ang pag aasawa ay hindi parang kanin na isusubo mo lang at pag napaso ka ay pwede mong iluwa
Two weeks ago, I watched Star Cinema’s “My Amnesia Girl”. If you haven’t watched it yet, Toni G. didn’t actually have amnesia, she just pretended because she wanted to fool Lloydie into thinking that she’s forgotten him already after he left her in front of the altar on the day of their wedding.
This weekend, I watched another Star Cinema film “I do”, starring Erich Gonzales and Enchong Dee. The story was about a pregnant Erich wanting for them (Enchong and her) to get married but Enchong cannot marry her because his family is against it. Enchong did try to fight for her but lost the battle several times, their supposed wedding day was always rescheduled. Erich and her family get humiliated every time.
Yesterday, I started watching “Sex and the City” in my iTouch. I’m not done with it yet (because I only watch it while on the shuttle to or from work) but I’m already done with the part where the lead girl (I don’t watch the series so I can’t remember the name, haha) was stood up by her supposed groom on their wedding day. She had the most beautiful dress pa naman, sayang lang. :(
Three films, same pain.
Although I must say I was affected the most by “Sex and the City” because the excitement of the bride before the wedding and the hurt she felt after the almost-wedding was really emphasized there. Plus she’s forty freakin’ years old and the guy she’s (supposed to be) marrying was her boyfriend for a freakin’ decade! But that didn’t push him to get out of the freakin’ car, no it didn’t, something else always rules over the minds of these guys, gosh I don’t know why.
Haha. Affected much?!
I just remembered this article I read some weeks ago. It’s entitled “Why did I marry you anyway?” by Barbara Bartlein, RN, MSW. This article changed my life. (my life talaga?!?! Haha!) Before, I was really excited to get married, but after having read this (and after watching those movies, haha), I realized, maybe I’m not really excited of the “marriage”, maybe it’s only the “wedding” and the thought of a beautiful me on a white gown that tickles me. Maybe that’s it. Maybe I’m not ready yet. Scratch that, maybe we’re not ready yet. Hehe.
Here, let me share with you excerpts of the article, adding my thoughts on each snippet. (So you’ll know the reason for the sudden change of heart).
- If you are always too busy, too tired, or too stressed to spend time with your spouse, the rewards will be meager. If the bulk of your interests and passions lie outside the marriage, the relationship simply will not grow. If work, money, and possessions become your top priorities, your marriage will reflect this. If, however, you discover shared interests and spend time together, your marriage will be the best part of your life
me: I definitely wouldn’t want money to be an issue for me and my future husband. Nor will I allow to him to prioritize work over me and our future family. I am not aiming for an ideal setup of a family, that’s too much to ask, but at the very least I want him to make me and the family we are about to build be his number one priority. Over money, over work, over anger, over pride, over boy’s night outs, over everything, the wife and the family should be put first.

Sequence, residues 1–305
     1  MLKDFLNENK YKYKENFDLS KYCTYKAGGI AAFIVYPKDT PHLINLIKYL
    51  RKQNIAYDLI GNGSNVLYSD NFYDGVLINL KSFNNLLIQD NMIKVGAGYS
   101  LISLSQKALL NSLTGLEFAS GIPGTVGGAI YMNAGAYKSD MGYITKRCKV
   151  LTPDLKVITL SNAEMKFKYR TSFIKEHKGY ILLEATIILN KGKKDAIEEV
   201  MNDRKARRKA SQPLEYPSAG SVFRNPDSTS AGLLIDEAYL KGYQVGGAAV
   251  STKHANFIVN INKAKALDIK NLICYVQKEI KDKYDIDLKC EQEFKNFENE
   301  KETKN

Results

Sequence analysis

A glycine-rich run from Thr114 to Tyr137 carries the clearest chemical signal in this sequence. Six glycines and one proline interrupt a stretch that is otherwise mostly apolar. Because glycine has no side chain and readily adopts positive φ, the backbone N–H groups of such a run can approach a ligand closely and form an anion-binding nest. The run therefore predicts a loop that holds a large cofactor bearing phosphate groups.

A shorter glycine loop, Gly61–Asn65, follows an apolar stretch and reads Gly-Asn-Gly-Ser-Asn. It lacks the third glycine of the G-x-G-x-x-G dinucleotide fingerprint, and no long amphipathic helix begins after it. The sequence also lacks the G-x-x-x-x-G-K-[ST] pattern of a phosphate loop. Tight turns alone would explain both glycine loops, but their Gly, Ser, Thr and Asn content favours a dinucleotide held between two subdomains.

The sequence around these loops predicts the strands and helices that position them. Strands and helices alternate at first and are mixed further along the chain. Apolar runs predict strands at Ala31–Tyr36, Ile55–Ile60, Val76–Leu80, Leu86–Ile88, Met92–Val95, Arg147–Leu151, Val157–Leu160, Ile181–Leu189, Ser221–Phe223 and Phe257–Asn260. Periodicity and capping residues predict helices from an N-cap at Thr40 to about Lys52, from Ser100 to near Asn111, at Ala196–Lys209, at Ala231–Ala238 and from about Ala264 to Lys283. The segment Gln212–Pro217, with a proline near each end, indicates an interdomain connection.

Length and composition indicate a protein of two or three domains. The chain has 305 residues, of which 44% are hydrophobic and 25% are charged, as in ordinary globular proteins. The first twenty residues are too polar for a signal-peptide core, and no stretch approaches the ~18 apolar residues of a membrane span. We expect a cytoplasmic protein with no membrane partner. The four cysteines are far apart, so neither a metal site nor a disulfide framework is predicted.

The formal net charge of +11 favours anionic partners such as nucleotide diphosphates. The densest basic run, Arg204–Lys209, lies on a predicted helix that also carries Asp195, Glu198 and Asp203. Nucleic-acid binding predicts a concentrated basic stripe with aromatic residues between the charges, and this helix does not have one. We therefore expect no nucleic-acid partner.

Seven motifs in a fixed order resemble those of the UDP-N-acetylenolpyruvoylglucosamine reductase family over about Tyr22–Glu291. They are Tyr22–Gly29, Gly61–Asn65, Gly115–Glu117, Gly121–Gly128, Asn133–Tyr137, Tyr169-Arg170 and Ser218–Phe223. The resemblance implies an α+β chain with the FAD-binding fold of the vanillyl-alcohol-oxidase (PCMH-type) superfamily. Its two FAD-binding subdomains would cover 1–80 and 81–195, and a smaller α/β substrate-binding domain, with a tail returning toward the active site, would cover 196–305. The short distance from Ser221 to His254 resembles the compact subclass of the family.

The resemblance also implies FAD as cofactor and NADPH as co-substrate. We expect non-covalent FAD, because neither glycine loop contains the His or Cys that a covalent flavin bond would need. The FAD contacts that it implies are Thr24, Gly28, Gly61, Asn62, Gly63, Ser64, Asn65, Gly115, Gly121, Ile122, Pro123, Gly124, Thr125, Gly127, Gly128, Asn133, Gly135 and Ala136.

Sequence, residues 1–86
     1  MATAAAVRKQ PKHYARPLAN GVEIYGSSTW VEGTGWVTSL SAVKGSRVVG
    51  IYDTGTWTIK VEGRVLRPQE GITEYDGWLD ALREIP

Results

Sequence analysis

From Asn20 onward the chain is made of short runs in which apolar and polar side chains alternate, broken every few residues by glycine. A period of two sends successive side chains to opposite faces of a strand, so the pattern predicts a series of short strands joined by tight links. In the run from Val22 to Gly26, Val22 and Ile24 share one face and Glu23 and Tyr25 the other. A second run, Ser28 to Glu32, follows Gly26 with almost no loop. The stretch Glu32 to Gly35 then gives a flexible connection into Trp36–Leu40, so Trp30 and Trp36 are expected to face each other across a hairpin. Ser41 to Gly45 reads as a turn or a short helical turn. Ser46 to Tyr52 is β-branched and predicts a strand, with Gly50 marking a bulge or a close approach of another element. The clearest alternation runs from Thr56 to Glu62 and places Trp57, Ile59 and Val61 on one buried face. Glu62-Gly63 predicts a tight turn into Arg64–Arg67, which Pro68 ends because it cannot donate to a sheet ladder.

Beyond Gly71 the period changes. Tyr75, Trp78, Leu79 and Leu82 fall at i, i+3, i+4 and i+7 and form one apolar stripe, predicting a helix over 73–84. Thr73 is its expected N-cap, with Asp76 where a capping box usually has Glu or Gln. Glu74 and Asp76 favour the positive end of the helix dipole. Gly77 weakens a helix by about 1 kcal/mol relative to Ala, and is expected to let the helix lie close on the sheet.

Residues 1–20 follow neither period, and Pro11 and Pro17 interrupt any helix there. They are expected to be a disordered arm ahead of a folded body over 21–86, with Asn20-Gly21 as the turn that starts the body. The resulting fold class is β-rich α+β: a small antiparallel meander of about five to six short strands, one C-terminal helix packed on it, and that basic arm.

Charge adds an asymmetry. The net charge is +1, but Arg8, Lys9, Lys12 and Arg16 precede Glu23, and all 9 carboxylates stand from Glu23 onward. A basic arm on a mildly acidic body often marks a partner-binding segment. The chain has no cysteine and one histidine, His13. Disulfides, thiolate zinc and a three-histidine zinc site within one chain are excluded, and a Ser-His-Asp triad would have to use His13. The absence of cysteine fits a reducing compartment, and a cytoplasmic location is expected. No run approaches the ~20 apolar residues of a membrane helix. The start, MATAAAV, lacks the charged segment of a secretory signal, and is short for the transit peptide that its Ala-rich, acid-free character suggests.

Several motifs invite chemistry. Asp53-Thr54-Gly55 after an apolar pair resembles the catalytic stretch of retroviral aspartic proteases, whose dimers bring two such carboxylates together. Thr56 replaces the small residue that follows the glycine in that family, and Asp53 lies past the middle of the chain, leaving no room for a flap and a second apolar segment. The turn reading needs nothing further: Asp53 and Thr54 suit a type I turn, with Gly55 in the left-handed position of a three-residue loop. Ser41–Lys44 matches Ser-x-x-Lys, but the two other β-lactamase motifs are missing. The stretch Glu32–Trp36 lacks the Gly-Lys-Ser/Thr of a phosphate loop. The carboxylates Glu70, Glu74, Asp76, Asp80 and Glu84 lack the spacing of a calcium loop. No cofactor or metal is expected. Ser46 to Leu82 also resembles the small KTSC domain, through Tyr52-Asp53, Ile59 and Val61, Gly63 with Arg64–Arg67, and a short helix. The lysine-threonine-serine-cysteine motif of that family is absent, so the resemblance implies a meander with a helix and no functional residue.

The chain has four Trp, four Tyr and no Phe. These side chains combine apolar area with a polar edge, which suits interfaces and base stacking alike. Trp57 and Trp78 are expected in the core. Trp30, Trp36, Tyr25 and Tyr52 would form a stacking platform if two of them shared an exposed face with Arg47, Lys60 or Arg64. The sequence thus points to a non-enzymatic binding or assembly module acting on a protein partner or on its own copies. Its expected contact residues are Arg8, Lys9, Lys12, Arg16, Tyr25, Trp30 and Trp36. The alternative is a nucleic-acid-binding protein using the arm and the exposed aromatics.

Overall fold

- Anger scares people, and angry people are scary. I have seen many relationships absolutely demolished because one or both partners cannot handle anger appropriately. When anger is expressed inappropriately, it is like walking in a minefield. You are never sure when a bomb is going off and what part of your heart and soul will be torn apart. Anger is unpredictable and this makes people nervous and unsure of how to react.
me: Nothing, it’s just true. True naman diba? Hehe..
- Part of having a successful marriage is letting go of the single lifestyle, and not in a begrudging, sullen manner, or arguing with your spouse like a spoiled child being dragged by exhausted parents out of Chuck E. Cheese’s. Rather, letting go is best achieved with the positive excitement of embracing something new and realizing that the single life is just one chapter of hopefully a long life – not the end of your journey.
me: Ah… the single lifestyle. As long as we (my boyfriend and I) cannot give this single kind of life up with the whole of our hearts, then I think we aren’t ready to be a Mr.-and-Mrs. yet. I admit, like what Maude said here, I still have so many things in mind that I wanted to do or to buy and places to go to that I still haven’t accomplished yet. So I think I’m still not ready to bid singleness goodbye. As per V, I’m not sure but if I'm correct I think he still loves DOTA and he still doesn’t want to be prohibited by new responsibilities that married life will bring. Haha.
- The best marriages are the ones in which couples focus on spending time together. These spouses are like great roommates: pleasant to be around, willing to compromise, and eager for fun. Always ready to try new activities, they enjoy their lives and their time together. The energy that surfaces from shared hobbies and activities bring spontaneity and excitement to the marriage, even when the activity itself flops.